All of the information necessary to plan ahead is available to everyone at the very beginning of the game. The winner will be the player who plans the farthest ahead and leaves themselves room for a backup plan. The only thing that would throw players for a loop are the dreaded ambush cards.
Ambush cards introduce a bit of a take-that mechanic to Cartographers which I would normally disapprove of. I find that games with take-that can too quickly become mean-spirited competitions that can spoil the joy of the game. I know of people prefer to remove the ambush cards altogether but I would argue that in this case they actually they improve Cartographers.
Whenever an ambush card is revealed, players will pass their scoresheet either clockwise or counterclockwise (indicated on the card). Once all players have their neighbor’s score card they’ll draw purple monster terrain in whatever spaces match the orientation on the ambush card. During the scoring phase, every empty space adjacent to a monster deducts one point from the player’s score.
To maximize the the negative effects of the ambush on opponents, it’s best to either place them in the middle of nowhere or block key scoring squares. In any other game, this level of sabotage could shift the atmosphere if game night into an unpleasant one. What makes this a friendlier interaction is the fact that every player is doing this at once, eliminating the likelihood that an individual player would feel targeted. Ambush cards are also the only time that player decisions have any impact on one another.
My favorite part of Cartographers is just how easy it is to teach. My mother, who never plays games, insisted we play one over Christmas. Naturally, I wanted to bring a game that would be short and easy to teach to avoid the frustrating process of not only teaching a new game, but a game to someone who didn’t have the foundational concepts to build from. Within ten minutes of setting up the game I’d explained the game for us to effectively play. As the game went on I went into greater detail about the game’s strategy and pointed out the moments when specific terrain types were no longer relevant. While she didn’t outright win, she did come in second place, even when she learned along the way.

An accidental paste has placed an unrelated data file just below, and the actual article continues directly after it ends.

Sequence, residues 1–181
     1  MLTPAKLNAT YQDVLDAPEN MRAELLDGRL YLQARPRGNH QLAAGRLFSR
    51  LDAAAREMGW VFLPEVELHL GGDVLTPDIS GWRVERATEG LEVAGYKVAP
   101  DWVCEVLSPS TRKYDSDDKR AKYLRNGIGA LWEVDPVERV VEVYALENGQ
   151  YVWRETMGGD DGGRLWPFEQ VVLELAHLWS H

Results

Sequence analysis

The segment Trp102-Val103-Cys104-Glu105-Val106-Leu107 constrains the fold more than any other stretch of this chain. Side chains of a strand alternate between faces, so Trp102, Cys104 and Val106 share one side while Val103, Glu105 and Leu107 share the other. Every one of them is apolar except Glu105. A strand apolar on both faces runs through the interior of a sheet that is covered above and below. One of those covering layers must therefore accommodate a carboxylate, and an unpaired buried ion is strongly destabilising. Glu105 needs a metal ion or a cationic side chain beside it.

Cartographers is an exceptionally easy game to teach to new players, especially shares the same goals and explore cards. Of all the games in my collection, it’s by far the easiest one to teach as you go. My approach is to explain each explore card as it comes up and explain how each one can be applied towards an edict and leave it to players to decide for themselves.
Cartographers is an excellent addition to any board game collection. It’s an easy game to teach, easy to re-play, and it’s a whole lot of fun. It genuinely made me reconsider my stance on roll and write games. Even better is the upcoming Cartographers Heroes expansion coming from Thunderworks. The expansion is set to add new edict conditions, more complex ambush cards, and additional maps. For anyone interested in late pledging the expansions, they’re still available here. Otherwise, the base game is ready available at most online retailers that sell games. Now if you’ll excuse me, I’m going to go work on my drawing abilities so my friends stop making fun of me whenever we play.
Player count is limited only by the number of score sheets remaining.
30 – 45 minutes.
Paper and pencil
Cartographers is what I believe is the best example of “easy to teach, difficult to master” that WayTooManyGames has covered so far. It’s an easy game to learn but there’s a degree of scoring forethought that will take some practice.
Cartographers‘ artwork is as simple as it is effective. Clear illustrations and card layouts make components easy to read at a glance for even the newest players.
Each edict has four different score cards that keep the game feeling different each time and with a short play time, it never overstays its welcome.